States with a lot of hedge fund and private equity managers can raise hundreds of millions or billions of dollars – and all states can raise something, merely by imposing tax fairness on an out-of-control loophole.
WHO WOULD PAY IN ILLINOIS: MEET THE BILLION-DOLLAR MEN
Chicago and some of its nearby suburbs are home to a small set of hedge fund and private equity managers who are among the richest human beings on the planet.
They’re benefitting from an unfair tax loophole that lets them avoid their fair share of taxes, while regular working people pay proper tax rates on their income, their property and their consumer purchases.
A fair-share state surtax on carried interest earnings would bring a measure of economic fairness to our state’s tax system – and raise hundreds of millions of dollars for public goods when we really need the money.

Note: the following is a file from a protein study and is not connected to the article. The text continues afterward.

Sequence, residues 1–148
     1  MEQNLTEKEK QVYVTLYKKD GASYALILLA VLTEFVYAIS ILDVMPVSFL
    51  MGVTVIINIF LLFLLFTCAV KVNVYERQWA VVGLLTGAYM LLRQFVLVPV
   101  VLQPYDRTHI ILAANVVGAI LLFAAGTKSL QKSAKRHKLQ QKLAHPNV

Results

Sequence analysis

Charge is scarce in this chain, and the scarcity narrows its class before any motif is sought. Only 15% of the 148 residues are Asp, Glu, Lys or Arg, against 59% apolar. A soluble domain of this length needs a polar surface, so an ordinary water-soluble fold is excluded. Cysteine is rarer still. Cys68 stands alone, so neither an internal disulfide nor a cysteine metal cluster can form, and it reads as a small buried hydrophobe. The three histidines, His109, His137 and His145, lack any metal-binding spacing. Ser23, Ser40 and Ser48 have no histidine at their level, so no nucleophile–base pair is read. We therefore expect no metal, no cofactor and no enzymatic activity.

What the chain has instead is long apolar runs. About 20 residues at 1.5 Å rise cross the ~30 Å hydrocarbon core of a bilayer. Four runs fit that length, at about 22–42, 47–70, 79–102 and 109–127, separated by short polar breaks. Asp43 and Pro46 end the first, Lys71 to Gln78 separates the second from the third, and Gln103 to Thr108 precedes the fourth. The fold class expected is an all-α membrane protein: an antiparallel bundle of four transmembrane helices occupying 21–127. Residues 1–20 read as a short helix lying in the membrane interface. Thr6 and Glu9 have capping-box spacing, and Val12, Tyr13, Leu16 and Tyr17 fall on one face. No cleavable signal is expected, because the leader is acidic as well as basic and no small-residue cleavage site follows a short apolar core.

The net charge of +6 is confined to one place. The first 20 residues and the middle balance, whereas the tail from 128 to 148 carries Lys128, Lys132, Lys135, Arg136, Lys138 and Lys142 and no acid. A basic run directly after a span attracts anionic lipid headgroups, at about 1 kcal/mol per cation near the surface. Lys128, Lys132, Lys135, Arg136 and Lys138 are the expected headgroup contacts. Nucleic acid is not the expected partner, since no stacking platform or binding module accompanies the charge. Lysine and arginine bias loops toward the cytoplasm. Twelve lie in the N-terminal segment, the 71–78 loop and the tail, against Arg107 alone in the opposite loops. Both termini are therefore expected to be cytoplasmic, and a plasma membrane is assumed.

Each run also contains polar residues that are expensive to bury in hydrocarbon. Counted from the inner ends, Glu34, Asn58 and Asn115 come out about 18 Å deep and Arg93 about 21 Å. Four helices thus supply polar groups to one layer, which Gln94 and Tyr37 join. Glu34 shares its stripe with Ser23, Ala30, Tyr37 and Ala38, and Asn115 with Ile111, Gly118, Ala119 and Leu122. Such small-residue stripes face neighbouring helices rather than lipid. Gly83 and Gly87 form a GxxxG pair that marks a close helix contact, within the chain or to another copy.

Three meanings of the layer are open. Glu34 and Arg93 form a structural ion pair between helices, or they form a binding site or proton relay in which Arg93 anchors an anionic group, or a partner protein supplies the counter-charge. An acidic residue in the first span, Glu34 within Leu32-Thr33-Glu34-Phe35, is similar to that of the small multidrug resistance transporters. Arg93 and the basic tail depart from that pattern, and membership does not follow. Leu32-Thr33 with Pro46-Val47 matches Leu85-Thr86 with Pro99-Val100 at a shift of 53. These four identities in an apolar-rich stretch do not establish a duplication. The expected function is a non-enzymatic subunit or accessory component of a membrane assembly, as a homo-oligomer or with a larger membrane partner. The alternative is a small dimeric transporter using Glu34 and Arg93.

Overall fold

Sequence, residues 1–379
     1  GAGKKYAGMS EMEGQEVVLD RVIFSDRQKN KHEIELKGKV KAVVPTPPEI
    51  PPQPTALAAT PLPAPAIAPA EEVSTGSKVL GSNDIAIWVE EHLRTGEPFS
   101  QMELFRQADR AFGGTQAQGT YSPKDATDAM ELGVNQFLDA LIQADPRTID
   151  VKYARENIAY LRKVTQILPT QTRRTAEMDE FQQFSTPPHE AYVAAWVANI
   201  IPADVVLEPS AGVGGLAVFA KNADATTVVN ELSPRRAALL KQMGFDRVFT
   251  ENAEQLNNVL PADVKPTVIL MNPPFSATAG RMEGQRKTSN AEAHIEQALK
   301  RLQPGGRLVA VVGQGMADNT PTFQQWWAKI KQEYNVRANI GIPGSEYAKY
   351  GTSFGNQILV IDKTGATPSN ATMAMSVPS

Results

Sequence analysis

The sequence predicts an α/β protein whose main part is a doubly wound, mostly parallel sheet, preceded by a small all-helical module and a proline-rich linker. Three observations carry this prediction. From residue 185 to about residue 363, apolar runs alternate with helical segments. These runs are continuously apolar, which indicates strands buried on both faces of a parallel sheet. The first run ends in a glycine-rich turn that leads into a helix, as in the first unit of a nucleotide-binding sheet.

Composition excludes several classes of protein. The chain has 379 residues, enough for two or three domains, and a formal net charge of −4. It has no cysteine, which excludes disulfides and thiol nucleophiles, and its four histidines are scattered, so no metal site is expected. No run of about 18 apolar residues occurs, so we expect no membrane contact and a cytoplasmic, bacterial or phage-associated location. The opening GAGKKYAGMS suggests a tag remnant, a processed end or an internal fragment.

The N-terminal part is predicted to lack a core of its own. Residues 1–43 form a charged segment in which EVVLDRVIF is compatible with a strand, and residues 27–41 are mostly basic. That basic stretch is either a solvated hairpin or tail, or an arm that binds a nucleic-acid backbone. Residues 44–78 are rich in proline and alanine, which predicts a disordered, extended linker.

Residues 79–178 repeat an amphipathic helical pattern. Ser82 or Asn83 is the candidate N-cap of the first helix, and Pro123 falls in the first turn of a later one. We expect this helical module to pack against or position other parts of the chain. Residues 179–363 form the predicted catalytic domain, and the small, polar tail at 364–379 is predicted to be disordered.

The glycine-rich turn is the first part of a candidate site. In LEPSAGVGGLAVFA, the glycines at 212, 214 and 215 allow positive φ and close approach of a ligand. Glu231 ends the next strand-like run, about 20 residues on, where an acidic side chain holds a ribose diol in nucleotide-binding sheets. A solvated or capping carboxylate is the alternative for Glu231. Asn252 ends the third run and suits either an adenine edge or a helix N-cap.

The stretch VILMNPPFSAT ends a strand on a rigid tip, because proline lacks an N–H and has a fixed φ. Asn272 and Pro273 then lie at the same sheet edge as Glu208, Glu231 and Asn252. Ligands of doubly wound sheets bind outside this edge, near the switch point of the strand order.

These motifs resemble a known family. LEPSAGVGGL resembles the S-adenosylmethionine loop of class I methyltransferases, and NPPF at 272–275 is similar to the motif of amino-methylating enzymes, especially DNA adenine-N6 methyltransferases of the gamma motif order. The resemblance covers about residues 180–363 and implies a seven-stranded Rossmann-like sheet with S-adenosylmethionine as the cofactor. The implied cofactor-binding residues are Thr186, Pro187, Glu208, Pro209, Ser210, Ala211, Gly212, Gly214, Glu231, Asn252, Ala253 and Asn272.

This report includes profiles of a few “high net worth individuals” (HNWIs, to use a financial industry term) that live and work in Illinois while likely benefiting from the unfair carried interest loophole. Together they have a net worth of more than $13.5 billion, and they manage hundreds of billions more for themselves and their clients. They are among the few who would pay the proposed state surtax on carried interest.
It’s clear that these billionaires and multimillionaires can afford to pay their fair share – and 12.8 million Illinoisans can benefit.
- Ken Griffin
- Michael Sacks
- Bruce Rauner
- Sam Zell
- John Canning, Jr.
- Dmitry Balyasny
Founder, Citadel LLC
Net worth $8 billion